The haunting of Grandstreet Theatre, which was originally the Unitarian Church built in 1901, is so famous that it is included in Haunted Places: The National Dictionary. Progressive Unitarians designed the church to double as public space, and so the sanctuary also functioned as a public auditorium with sloped seating, a beautiful proscenium arch, and fully-equipped stage. Many believe that one of the theater’s several ghosts is Clara Bicknell Hodgin, wife of the Unitarian minister who came to Helena in 1903.
A former kindergarten teacher, Clara quickly endeared herself to Helena’s youngsters and her Sunday school soon was overflowing. Clara had no children of her own, but she delighted in others’ sons and daughters. She was energetic, enthusiastic, and the children said her smile lit a room like sunshine. Clara’s favorite projects involved directing her small students in pageants and plays in the sanctuary/auditorium. When Clara died of cancer in 1905, she left lists and files by the hundreds of future projects. Clara’s friends commissioned Louis Comfort Tiffany to craft a memorial window in her memory. The beautiful window depicts a mountain scene reminiscent of the Helena Valley. In 1933, the church became the Public Library and the window was taken down and forgotten.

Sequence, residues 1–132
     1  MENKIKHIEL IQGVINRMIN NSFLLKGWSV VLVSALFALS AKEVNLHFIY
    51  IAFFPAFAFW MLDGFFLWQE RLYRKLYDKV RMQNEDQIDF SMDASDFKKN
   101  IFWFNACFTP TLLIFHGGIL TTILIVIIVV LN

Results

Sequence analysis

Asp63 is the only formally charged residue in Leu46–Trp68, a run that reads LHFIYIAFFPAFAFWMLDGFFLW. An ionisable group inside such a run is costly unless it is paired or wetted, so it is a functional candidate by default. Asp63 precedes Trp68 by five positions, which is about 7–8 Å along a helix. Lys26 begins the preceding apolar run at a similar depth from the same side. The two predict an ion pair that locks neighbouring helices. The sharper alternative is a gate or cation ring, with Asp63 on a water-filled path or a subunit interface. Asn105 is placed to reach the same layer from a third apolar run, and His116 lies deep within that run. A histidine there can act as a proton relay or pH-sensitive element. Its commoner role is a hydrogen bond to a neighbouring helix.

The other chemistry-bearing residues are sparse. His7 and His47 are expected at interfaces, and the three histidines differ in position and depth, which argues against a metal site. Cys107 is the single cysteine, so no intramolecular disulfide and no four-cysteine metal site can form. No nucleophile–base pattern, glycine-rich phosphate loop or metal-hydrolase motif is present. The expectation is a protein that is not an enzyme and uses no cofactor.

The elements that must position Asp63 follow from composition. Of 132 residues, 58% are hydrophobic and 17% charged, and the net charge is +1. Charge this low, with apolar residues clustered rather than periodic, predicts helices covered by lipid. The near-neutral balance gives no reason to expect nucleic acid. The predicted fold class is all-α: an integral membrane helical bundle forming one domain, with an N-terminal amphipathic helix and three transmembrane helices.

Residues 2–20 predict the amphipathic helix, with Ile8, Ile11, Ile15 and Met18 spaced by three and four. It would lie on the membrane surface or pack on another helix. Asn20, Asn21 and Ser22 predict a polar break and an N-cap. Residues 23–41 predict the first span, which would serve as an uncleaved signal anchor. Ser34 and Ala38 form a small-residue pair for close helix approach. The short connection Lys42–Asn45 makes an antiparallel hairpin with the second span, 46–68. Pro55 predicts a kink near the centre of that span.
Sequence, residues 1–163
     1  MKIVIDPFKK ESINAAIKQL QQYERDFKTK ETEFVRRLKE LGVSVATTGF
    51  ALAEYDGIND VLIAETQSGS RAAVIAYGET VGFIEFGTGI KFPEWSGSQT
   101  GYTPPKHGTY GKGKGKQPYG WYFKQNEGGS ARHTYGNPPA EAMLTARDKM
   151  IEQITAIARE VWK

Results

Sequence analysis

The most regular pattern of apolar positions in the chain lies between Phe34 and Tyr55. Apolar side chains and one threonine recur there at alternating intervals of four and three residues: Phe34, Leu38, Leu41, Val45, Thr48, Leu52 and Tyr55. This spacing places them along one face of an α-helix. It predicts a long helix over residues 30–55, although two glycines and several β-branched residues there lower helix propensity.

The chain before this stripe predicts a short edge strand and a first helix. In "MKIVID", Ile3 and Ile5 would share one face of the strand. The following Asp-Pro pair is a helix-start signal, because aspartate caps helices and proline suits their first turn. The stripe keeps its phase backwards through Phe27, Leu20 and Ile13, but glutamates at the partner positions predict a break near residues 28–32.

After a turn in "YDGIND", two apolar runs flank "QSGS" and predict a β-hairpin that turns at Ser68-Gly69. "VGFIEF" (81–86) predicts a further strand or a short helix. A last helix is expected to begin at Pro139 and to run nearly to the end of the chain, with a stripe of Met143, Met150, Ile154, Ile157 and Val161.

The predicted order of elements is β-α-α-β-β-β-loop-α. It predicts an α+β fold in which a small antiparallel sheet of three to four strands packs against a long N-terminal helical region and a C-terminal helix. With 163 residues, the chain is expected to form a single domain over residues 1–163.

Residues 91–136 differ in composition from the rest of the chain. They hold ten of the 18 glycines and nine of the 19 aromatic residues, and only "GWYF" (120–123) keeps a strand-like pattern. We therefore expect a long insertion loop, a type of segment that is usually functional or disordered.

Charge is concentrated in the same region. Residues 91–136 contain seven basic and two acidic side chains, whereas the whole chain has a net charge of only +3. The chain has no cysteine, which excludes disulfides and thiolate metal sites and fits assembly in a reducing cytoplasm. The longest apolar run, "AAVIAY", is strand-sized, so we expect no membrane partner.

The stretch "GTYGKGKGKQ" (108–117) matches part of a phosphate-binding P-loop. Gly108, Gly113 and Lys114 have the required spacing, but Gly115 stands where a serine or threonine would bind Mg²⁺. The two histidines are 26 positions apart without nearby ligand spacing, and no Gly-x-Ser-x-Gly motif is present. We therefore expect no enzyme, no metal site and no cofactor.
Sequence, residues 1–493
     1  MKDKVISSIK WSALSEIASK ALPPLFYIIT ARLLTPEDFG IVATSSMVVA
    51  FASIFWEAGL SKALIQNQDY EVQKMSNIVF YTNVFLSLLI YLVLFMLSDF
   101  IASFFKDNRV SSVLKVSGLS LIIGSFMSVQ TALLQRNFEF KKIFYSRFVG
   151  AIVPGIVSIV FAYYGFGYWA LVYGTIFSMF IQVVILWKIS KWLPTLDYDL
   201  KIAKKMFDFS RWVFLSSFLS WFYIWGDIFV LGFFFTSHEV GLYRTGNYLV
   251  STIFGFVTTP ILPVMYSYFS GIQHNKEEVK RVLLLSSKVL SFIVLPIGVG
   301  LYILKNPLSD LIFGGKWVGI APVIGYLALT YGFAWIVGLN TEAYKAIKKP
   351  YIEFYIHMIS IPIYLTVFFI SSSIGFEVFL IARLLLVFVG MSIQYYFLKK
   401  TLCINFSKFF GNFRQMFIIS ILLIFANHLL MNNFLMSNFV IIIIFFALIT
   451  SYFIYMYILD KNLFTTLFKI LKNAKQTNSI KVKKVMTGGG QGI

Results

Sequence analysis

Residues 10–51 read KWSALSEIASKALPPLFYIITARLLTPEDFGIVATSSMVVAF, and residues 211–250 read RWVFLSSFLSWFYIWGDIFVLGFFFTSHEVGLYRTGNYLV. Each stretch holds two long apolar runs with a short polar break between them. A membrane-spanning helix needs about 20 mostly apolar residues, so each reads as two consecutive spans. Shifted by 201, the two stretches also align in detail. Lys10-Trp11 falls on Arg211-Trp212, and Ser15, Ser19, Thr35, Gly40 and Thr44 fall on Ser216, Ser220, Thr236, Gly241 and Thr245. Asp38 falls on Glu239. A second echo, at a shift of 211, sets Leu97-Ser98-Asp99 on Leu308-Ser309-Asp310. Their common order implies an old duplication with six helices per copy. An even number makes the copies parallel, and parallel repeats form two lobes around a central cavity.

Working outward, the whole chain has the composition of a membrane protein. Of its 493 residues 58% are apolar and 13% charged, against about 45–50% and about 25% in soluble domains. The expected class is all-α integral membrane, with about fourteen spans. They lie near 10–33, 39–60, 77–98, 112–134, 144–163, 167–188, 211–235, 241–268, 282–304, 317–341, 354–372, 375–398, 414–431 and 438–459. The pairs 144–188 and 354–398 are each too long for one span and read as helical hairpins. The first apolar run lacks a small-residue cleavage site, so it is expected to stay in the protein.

In 1976 the former church-turned-library became Grandstreet Theatre. Antique dealer Paul Martin coincidentally discovered the window stored in the Civic Center’s basement and it was reinstalled in the theater. Typical of Tiffany windows of the period, when viewed with no back lighting, it appears a marbled blue. Its appearance changes dramatically with each subtle change in lighting. At the bottom, Clara’s name sometimes becomes illegible while the upper window remains perfectly clear. The words look as if a childish hand has smudged the paint on the glass.
Visit Helena, attend a Grandstreet performance, and check it out for yourself.